THE JOURNAL OF
Issues 3-G, 4-G & 5-G [ 1952, ca. late Sept., early Oct. & late Oct. ]
The Hubbard Association of Scientologists, Inc.
Danger: Black Dianetics!
L. Ron Hubbard
DOES COURT PROTECT MAN BRANDED INSANE?
Unscrupulous groups and individuals have been practicing a form of Black Dianetics on their fellow man for centuries. They may not have called it that, but the results have been and are the same.
Their easiest victims are the unsuspecting. No one can slip up behind you if you know they’re there. The prowler has no potency in an alertly guarded home.
The subject of Black Dianetics long has been hinted at, but this is the first time it has been released to the general public. Its release is dictated by the belief people must know what threatens them so they can be better prepared. Those who use it already know; those who do not use it should be protected.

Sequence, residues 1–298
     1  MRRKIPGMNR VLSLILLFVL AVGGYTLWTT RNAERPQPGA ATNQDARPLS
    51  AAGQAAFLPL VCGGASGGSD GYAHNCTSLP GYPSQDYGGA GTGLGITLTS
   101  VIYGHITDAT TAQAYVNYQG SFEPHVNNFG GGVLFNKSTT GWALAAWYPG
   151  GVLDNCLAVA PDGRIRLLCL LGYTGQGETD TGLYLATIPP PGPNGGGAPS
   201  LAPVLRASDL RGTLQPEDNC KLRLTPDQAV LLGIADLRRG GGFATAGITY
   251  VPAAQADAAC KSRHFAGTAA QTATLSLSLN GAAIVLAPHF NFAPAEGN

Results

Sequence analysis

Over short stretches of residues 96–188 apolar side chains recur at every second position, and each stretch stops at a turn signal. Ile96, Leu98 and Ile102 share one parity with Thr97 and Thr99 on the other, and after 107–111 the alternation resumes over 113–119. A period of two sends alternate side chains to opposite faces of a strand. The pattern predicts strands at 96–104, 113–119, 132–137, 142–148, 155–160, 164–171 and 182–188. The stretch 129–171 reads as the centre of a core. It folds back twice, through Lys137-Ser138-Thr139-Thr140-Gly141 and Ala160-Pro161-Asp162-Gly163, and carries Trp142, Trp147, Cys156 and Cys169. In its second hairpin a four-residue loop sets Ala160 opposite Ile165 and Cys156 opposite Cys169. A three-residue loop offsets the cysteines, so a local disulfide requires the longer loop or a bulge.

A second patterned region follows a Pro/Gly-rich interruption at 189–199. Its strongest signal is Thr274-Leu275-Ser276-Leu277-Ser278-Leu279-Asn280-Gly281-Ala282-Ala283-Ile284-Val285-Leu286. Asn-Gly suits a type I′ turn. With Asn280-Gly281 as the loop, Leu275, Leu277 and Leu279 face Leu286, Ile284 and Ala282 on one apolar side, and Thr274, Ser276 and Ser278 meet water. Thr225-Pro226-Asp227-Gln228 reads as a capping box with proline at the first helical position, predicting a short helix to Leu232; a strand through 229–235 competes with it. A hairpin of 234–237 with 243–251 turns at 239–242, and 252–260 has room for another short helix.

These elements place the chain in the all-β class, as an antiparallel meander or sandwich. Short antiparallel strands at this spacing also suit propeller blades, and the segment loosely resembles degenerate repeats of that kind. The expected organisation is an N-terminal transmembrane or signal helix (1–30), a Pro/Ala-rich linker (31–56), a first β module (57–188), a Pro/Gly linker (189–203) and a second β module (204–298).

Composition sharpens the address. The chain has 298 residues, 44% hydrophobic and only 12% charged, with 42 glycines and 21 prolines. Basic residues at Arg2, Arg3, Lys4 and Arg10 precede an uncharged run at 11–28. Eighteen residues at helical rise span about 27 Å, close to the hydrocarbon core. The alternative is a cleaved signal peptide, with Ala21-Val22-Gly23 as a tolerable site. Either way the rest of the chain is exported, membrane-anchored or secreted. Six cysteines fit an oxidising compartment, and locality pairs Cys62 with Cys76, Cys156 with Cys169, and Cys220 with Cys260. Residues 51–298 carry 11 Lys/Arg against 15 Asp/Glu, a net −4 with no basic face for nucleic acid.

In this, the first of three articles, read how little protection Man has should the wheels of legal procedure be turned against him. — J of S Editor.
Death, insanity, aberration, or merely a slavish obedience can be efficiently effected by the use of Black Dianetics. Further, adequate laws do not exist at this time to bar the use of these techniques. The law provides that only the individual so wronged can make complaint or swear out a warrant for offenders using these techniques.
A person on whom Black Dianetics has been employed seldom retains the sanity or will to make a complaint, or does not know he has been victimized. In addition, persons claiming such offenses against their persons are commonly catalogued by doctors as suffering from delusion. Thus the employer of Black Dianetics can escape unpunished under existing legal procedures.